This must be one of my timeliest reviews ever – I'm posting this the morning of the day the comic in question, Doctor Who: The Twelfth Doctor #1, arrives in comic shops (whereas in the ordinary run of things my reviews tend to appear months, if not years, if not decades after a comic or, more typically, book has been published) – which, considering that comic stars a Time Lord, is doubly apposite. And the twelfth incarnation of that Time Lord, no less, the one currently being brilliantly played on telly by Peter Capaldi, here making his comics debut... if we discount the comic strip starring the Twelfth Doctor which has been running in Doctor Who Magazine for a couple of months, that is. But no matter: this is the Twelfth Doctor's comic book debut, the latest addition to Titan's fast-expanding line of Doctor Who comics, and it's a nicely crafted, faithful and, on the whole, successful affair.
One's reaction to it, I suspect, will very much depend on one's reaction to the TV Twelfth Doctor, so convincingly do writer Robbie Morrison and artist Dave Taylor channel him: irritable, irascible, airily dismissive of almost everyone he meets and prone to dispensing withering putdowns left, right and centre – in other words, as enormously entertaining on the page as he is on the screen. Taylor, an artist I've admired since I encountered his work on the late-1990s Dark Horse series Tongue*Lash (an aside: when I myself was working at Titan in the mid-2000s he was on my list of artists I'd loved to have found projects for), is good on Capaldi (those eyes...) but less so on the Doctor's assistant, Clara Oswald; he hasn't quite got the hang of Jenna Coleman's subtly characterful phiz yet, although there is the odd panel where Clara clicks visually. In any case, Morrison's dialogue captures her perfectly, notably her trademark exasperation at – and attendant sarcastic rejoinders to – the Doctor.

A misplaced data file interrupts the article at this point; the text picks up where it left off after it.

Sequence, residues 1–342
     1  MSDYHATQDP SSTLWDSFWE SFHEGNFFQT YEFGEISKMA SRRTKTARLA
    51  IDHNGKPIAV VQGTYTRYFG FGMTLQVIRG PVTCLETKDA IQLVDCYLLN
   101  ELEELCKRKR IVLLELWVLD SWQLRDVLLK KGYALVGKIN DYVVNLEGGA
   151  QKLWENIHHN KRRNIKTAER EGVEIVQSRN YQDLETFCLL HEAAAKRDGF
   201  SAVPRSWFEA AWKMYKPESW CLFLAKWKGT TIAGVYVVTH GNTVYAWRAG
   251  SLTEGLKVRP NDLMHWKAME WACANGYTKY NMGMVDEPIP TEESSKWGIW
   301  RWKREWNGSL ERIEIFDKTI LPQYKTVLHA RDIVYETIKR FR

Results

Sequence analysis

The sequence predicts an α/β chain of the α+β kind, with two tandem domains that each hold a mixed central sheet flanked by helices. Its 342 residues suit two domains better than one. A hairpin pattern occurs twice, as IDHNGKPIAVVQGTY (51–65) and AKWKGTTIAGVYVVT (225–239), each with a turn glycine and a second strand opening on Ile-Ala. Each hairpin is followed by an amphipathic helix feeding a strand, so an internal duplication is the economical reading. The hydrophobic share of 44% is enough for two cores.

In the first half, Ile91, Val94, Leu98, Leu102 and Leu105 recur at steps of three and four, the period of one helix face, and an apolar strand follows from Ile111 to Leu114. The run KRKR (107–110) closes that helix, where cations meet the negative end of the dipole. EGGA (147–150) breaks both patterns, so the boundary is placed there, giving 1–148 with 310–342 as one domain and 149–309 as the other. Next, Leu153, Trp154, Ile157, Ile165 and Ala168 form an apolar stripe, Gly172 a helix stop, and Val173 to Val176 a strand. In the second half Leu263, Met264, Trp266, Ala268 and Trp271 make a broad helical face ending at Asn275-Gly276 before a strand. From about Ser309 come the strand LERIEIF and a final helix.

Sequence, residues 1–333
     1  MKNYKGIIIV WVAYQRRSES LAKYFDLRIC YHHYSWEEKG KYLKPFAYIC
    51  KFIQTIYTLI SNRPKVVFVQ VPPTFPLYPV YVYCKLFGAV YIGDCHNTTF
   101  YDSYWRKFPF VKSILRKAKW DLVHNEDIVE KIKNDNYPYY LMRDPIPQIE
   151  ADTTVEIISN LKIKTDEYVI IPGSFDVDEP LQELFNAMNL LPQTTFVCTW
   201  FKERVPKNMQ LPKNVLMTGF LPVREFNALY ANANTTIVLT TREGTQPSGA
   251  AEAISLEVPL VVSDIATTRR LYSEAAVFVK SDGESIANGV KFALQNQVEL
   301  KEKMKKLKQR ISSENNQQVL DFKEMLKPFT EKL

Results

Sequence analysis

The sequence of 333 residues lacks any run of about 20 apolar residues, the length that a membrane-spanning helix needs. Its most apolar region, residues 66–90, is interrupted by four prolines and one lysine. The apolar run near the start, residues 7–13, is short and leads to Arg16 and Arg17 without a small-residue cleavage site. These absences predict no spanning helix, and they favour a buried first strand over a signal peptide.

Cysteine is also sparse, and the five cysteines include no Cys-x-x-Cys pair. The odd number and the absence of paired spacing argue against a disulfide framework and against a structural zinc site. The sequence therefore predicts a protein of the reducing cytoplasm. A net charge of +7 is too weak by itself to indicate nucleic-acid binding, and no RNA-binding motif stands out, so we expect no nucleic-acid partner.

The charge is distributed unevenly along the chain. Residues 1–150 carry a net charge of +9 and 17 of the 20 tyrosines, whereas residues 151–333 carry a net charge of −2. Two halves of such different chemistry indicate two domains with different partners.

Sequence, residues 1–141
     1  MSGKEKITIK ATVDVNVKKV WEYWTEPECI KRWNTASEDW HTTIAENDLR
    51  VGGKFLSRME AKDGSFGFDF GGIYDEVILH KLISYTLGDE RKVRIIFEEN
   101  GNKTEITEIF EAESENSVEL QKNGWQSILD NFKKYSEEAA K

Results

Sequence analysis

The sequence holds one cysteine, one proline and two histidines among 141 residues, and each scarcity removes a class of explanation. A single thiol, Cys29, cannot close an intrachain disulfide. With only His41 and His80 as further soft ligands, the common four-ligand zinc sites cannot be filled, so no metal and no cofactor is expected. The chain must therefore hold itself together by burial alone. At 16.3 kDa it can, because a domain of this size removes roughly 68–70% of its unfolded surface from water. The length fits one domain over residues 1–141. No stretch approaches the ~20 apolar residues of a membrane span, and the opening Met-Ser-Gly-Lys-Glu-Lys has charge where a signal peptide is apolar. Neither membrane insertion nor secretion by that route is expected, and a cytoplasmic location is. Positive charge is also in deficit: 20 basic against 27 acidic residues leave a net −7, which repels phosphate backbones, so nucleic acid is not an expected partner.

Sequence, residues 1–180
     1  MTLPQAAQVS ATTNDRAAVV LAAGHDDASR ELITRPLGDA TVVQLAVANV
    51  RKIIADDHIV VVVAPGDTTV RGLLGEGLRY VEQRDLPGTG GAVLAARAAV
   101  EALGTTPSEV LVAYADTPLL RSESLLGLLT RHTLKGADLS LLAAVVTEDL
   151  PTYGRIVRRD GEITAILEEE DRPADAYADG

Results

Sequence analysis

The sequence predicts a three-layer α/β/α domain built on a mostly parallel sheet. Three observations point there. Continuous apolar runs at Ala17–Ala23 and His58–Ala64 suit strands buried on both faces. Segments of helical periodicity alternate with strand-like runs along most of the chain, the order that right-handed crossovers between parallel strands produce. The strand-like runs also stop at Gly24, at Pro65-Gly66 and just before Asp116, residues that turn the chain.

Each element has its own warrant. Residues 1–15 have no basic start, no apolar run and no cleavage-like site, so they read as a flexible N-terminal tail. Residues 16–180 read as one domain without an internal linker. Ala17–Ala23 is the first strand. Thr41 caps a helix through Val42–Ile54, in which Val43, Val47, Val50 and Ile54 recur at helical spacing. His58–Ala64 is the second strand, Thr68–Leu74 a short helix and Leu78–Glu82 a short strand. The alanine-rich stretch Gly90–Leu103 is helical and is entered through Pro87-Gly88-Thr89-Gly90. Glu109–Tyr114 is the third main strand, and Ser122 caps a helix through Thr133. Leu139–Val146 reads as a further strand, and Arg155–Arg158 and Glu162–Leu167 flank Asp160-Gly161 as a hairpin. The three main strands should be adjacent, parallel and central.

The story is a bit Star Trek III: The Search for Spock-y, involving as it does accelerated planetary terraforming gone awry, but much like the current series, where even the more workmanlike stories are made magical by Capaldi's towering, glowering performances – and Coleman's quieter but no less important countering foil – here a so-so story is enlivened by choice character interplay and some cracking dialogue. And the story shouldn't really be discounted out of hand; there are seeds being sown here – bits of Gallifreyan business, some kind of ancient evil – which may produce satisfying fruit down the line.
First issues are always a tricky business, still more so first issues of licensed comics, where there are more often than not innumerable additional hurdles, hoops and other more confounding and baffling obstacles which must be negotiated over and above the usual editorial ones. Rare is the licensed comic which emerges from that process unscathed, so the fact that Doctor Who: The Twelfth Doctor #1 retains much of the feel and heart(s) of the TV show is only to be applauded. A creditable job all round.
Incidentally, in addition to the regular cover by Alice X. Zhang there are 30 variant covers, all of which can be seen in the back of the comic. Admittedly the vast majority of these are retailer specific covers – i.e. produced for individual comic shops and online retailers – and I can see how the economics of that would work for Titan, but still – that's quite a lot of covers for one comic.